His giving back doesn’t end with those charitable endeavors. A significant portion of his firm’s business comes from nonprofits, and they do those audits at a discount rate. And Renner also stresses putting non-accounting-savvy clients at ease with understandable explanations of financial issues.
“We may be calling something by a technical term. The client might be talking about something else, and everyone has a deer-in-headlights look,” he said. “You have to listen and try and figure that out.”
Recently, that has taken the form of dealing with Alexandria’s high business and professional license (BPOL) tax. As chair of the city’s budget committee, Renner is tasked with explaining the ins and outs of the BPOL tax to an audience of laymen, but he downplays the value of his expertise.
“I don’t walk on water,” he said. “If you know the numbers, listen to what somebody has to say and present the facts for what they are, you can convince people of a lot of things.”
Renner’s inspiration for his civic involvement largely comes from his father, also named John. The elder Renner was an electrical engineer and a World War II veteran who was heavily involved in the Rosslyn community.
His son also followed in his footsteps in a more unusual way — working with his wife.
“When I was in high school, my dad started his business and my mom went to work for him,” Renner said. “I said, ‘I’ll never have that. That doesn’t work.’”
Between the firm and their joint charitable efforts, the Renners spend a great deal of time together. It’s been a challenge to keep love and business separate, but the pair has managed to pull it off and remain close.
“We have a rule that we don’t talk about business at home,” Renner said. “We support each other. We don’t have many disagreements on how the business is run.”
It’s worked for the family and the business. Renner & Co. was founded as Renner, Kositzka & Wicks in 1983. The firms split in 1989, and John and Joan were coworkers before they were husband and wife. He’s proven to be as caring a husband as he is a community member.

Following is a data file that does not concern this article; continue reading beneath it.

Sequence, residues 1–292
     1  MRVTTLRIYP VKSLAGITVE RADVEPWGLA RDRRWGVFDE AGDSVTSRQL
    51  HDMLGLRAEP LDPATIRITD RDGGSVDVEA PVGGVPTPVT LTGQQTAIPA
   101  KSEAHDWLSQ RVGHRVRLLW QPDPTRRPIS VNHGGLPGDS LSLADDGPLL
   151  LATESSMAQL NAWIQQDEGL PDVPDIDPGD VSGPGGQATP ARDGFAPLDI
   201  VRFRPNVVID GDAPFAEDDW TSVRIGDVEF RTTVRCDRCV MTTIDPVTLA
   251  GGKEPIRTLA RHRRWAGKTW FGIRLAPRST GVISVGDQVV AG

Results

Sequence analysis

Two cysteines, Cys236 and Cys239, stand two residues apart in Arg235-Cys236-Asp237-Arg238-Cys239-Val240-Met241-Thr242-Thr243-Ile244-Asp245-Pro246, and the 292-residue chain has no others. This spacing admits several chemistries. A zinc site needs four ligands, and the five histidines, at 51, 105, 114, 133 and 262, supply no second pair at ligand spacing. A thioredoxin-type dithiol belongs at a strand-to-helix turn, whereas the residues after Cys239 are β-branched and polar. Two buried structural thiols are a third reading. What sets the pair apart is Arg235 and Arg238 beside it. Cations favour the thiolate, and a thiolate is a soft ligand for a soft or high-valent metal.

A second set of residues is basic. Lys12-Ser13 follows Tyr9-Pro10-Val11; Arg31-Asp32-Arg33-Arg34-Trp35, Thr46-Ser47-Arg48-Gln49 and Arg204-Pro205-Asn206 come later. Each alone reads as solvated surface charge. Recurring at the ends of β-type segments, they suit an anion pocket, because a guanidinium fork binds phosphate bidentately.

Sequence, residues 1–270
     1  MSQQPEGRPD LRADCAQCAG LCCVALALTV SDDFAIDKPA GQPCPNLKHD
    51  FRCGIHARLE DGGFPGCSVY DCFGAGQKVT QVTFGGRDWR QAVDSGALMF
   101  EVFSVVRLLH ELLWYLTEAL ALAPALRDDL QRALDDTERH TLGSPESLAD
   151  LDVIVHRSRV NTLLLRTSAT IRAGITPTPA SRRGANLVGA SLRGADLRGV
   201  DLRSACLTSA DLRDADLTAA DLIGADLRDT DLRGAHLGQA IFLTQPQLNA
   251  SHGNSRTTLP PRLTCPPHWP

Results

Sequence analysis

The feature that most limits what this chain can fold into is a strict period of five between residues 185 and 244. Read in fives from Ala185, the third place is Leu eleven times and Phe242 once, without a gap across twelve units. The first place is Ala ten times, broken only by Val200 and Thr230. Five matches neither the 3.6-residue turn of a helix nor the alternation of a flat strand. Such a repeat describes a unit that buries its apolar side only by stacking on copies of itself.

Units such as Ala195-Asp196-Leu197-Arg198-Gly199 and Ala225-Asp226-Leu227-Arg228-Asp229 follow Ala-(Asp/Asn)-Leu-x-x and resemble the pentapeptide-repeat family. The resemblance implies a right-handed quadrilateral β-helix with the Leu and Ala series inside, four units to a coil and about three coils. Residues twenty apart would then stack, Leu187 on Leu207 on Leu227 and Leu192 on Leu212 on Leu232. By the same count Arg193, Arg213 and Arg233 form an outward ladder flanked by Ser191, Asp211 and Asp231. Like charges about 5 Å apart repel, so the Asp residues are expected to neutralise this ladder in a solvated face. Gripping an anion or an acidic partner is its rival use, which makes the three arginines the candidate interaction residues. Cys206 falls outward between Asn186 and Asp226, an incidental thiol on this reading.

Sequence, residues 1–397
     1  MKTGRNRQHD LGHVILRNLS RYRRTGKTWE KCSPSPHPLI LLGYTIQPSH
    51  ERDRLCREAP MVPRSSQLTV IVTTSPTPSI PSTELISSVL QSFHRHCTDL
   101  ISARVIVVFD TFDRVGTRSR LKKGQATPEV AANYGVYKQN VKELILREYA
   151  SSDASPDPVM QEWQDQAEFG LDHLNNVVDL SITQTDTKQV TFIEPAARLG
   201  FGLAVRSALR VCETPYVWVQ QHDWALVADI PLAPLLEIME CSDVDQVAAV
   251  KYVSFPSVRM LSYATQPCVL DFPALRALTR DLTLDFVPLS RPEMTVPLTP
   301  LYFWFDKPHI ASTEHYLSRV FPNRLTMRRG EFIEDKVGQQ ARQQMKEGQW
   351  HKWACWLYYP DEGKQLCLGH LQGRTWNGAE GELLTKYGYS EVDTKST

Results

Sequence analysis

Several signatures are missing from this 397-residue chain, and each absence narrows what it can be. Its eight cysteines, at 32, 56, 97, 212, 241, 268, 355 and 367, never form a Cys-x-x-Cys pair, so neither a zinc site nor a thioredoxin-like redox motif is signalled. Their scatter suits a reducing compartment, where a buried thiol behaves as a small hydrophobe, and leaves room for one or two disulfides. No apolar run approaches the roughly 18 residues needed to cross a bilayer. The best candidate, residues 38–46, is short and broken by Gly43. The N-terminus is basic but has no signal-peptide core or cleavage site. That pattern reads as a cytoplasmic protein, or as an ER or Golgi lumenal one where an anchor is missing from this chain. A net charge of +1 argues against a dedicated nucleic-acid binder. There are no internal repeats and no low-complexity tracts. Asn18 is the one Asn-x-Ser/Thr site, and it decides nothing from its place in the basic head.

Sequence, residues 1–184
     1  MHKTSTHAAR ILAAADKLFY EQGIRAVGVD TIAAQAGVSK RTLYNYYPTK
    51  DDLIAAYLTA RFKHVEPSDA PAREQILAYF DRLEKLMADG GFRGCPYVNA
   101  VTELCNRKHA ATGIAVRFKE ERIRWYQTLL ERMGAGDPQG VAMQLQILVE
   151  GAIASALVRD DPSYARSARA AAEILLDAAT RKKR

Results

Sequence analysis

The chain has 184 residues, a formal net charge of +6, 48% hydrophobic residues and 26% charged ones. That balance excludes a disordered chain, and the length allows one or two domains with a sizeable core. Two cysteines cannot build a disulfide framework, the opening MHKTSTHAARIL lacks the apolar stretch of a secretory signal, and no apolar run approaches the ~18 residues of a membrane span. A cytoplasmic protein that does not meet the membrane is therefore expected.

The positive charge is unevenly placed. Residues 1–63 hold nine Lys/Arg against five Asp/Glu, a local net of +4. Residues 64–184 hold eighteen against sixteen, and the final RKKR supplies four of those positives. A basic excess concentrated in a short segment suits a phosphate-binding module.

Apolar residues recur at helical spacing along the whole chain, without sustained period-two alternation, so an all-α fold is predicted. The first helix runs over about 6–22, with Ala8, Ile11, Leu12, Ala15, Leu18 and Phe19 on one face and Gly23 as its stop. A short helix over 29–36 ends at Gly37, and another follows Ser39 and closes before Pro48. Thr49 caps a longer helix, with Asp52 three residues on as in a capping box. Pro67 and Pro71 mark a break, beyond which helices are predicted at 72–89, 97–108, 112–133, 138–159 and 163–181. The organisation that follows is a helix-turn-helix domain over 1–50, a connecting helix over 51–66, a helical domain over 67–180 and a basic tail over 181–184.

“He’s so thoughtful that I have to be careful not to ask him for things unless I really want him to go get them,” Joan said. “He picks up on things. He realizes that I need something before I even do.”
That care extends to his work as a boss, where he’s quick to protect his employees’ interests.
“I got my first big client after about four months here,” said Cathy Pennington, CPA, partner at Renner & Co. and a VSCPA member. “After about two months, I went on vacation, and they called John up to come down and visit them and complain about me. I didn’t really appreciate that — didn’t find out about it until after the fact, of course — but at that point, I did also find out that they had explained to John all the things I was doing wrong, what they wanted and this, that and the other thing, and John told them, ‘You know, if it was me, I wouldn’t do it.’ When I got back and heard about it, he gave me permission, basically, to fire the client anytime I wanted to.”
The common thread in all of Renner’s endeavors is his complete devotion to the cause. Whether it’s his family, his employees or his community work, he jumps in with both feet and gives his all to help make things better.
“He gives tremendous support to, and advocacy for, Alexandria’s small businesses,” said Val Hawkins, former president and CEO of the Alexandria Economic Development Partnership. “He’s a huge supporter in the nonprofit sector of our community. The bottom line is: John Renner cares, and does something about it.”